One of the family features that has not been fully explored is the marital status of the parents. Some studies found that single maternal marital status unfavorably affects child's body weight (18,19,20,21,22), whereas some other did not (23,24,25). Strauss and Knight (10) reported that children who lived with single mothers were significantly more likely to develop obesity after a 6-year follow-up, compared to those with married parents; however, after adjusting for potential socioeconomic, cognitive, and emotional confounders, the risk of developing obesity became nonsignificant. Similarly, family structure in childhood (single vs. two biological parents, or biological plus step parent vs. two biological parents) had no significant effect on the likelihood of obesity in young adulthood, when confounders, such as BMI and age at examination in childhood, sex and social variables, were included in the model (14). Nevertheless, in all the above-mentioned studies, the role of family divorce has not been considered. Single-parent families were taken as an entity, without differentiating between unmarried and divorced single parents. Previous research has suggested that parental marital conflict and dissolution may increase the risk for adverse health consequences both in childhood and adulthood (26). Proposed biopsychosocial pathways accounting for this association include inadequate parental practices, child's emotional insecurity, and unfavorable changes in socioeconomic status.

In this work, we sought to explore the association between family factors, including divorce and other socioeconomic variables, and children's overweight as well as eating and physical activity practices in a population-based sample of healthy school-aged children.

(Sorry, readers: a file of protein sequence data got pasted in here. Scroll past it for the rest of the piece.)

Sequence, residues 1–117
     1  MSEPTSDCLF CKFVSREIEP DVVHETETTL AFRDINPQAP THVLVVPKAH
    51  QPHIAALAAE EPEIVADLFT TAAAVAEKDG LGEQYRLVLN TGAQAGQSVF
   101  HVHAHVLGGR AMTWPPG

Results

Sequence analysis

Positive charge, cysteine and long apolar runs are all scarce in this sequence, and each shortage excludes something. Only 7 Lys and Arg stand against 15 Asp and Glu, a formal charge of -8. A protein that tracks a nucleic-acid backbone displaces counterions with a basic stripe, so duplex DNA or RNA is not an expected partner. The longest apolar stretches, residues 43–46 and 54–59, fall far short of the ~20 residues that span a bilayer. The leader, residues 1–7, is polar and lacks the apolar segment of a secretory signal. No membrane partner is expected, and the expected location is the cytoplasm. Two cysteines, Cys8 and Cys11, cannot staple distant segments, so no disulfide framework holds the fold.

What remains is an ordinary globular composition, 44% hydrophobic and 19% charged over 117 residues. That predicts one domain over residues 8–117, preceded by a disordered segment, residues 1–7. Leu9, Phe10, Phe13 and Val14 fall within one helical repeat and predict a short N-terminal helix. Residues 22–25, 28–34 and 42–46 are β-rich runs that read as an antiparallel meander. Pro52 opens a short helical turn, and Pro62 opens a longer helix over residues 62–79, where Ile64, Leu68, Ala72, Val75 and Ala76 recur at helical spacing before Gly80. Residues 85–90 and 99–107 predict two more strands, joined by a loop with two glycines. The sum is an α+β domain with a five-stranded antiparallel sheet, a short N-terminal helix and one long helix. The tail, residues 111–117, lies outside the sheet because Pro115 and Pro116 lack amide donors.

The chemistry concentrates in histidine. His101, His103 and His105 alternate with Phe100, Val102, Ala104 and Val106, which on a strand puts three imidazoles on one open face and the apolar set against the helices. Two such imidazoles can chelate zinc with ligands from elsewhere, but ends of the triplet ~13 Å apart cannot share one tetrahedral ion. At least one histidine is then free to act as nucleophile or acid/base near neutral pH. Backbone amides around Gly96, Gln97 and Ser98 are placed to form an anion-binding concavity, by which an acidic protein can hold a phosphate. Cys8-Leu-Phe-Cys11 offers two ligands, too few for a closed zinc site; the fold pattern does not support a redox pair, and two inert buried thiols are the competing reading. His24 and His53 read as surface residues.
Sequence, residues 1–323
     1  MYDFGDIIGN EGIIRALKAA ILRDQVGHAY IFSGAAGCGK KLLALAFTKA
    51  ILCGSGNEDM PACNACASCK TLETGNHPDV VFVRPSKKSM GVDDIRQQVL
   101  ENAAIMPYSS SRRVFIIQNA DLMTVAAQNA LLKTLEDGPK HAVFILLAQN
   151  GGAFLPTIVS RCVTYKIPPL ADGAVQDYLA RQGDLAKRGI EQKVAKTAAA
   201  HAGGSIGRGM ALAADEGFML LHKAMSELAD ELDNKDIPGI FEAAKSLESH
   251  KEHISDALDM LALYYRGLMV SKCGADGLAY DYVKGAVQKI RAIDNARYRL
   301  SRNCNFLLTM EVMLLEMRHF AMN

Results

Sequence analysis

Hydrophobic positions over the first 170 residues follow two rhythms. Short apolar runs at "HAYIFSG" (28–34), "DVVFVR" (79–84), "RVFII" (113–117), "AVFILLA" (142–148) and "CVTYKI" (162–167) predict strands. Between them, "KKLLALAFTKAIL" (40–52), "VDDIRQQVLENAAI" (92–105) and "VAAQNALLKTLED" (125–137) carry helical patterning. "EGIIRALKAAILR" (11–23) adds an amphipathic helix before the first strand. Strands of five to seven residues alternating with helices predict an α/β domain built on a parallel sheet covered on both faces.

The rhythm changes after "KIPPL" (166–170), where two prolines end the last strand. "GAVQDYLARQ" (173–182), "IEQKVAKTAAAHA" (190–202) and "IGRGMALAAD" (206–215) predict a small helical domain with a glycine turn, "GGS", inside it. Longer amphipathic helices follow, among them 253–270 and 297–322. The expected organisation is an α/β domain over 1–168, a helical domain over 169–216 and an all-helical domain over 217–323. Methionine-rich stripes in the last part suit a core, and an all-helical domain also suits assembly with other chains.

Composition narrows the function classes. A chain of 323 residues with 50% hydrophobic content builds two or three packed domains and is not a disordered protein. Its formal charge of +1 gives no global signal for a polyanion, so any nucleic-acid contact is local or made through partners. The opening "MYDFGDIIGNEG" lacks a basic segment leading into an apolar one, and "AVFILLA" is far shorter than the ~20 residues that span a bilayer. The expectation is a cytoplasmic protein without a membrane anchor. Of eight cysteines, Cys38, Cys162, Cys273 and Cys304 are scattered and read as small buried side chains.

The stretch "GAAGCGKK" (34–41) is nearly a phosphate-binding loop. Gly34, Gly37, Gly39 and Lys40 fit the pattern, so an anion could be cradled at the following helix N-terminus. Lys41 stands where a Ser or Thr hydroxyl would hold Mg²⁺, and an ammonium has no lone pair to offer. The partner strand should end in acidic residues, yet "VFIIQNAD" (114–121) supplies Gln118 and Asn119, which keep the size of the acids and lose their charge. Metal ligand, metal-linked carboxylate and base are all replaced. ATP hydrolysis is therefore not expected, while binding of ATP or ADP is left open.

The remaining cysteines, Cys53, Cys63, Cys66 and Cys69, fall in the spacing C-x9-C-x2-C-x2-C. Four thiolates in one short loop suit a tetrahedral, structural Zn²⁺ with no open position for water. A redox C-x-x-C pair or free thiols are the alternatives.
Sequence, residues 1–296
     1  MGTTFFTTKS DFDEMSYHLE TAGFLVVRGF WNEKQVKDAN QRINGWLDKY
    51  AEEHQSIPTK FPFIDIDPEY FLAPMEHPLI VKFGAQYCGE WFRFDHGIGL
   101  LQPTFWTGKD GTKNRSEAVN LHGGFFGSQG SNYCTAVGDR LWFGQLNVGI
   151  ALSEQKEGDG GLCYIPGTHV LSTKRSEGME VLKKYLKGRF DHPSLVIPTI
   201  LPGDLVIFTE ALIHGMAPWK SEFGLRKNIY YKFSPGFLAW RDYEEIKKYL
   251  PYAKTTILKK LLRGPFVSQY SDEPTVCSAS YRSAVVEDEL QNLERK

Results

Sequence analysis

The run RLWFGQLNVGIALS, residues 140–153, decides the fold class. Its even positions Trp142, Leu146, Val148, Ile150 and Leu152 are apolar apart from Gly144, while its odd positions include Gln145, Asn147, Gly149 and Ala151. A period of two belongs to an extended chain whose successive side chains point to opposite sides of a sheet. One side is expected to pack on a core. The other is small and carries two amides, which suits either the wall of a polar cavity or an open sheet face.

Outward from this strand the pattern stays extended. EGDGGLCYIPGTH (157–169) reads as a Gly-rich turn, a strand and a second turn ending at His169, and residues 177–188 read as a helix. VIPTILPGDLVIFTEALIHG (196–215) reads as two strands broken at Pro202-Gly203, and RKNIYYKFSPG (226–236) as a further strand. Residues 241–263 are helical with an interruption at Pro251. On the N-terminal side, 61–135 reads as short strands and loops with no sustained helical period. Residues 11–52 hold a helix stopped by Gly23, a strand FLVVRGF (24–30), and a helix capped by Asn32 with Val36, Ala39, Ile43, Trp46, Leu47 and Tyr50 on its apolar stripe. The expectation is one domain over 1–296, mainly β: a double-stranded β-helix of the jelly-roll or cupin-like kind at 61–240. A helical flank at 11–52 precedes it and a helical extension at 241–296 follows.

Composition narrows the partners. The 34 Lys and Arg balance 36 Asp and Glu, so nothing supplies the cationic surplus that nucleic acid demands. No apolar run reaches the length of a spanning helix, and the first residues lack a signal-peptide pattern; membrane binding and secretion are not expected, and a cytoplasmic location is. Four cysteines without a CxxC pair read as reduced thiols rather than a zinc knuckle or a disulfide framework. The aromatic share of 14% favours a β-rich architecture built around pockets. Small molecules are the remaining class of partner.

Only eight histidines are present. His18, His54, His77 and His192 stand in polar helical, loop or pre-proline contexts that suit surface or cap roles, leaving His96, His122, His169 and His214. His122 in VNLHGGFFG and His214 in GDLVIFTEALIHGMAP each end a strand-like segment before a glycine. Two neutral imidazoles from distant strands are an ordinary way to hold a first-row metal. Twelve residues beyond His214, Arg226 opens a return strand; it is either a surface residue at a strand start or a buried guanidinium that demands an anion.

Methods and Procedures

Study population

The Gene-Diet Attica Investigation (GENDAI) is a school-based cross-sectional study, designed to evaluate the pivotal interactions of genetic and environmental variables on children's overweight. The target population was children attending fifth and sixth grade, living in the Attica region of Greece. Several areas within the Attica region were selected in order to cover a wide range of neighborhoods with various socioeconomic levels. Before enrollment, registered fifth and sixth graders of participating schools and their respective parents or guardians were fully informed about objectives and methods of the study, understood that study participation was voluntary, and were assured about the data confidentiality. Parents or guardians of interested students signed an informed consent form, while participating children provided their verbal assent. The research study was approved by the Ethics Committee of Harokopio University and the Greek Ministry of Education. Of the 3,124 children invited to join the study, 1,207 agreed to participate but only 1,138 children participated finally (53% girls; mean age: 11.2 ± 0.7 years). Anthropometric, biological, and lifestyle characteristics were collected by trained personnel (paediatricians and dietitians), on the basis of a standard protocol. Details on the aims, methods, and design of the GENDAI Study have been published elsewhere (27).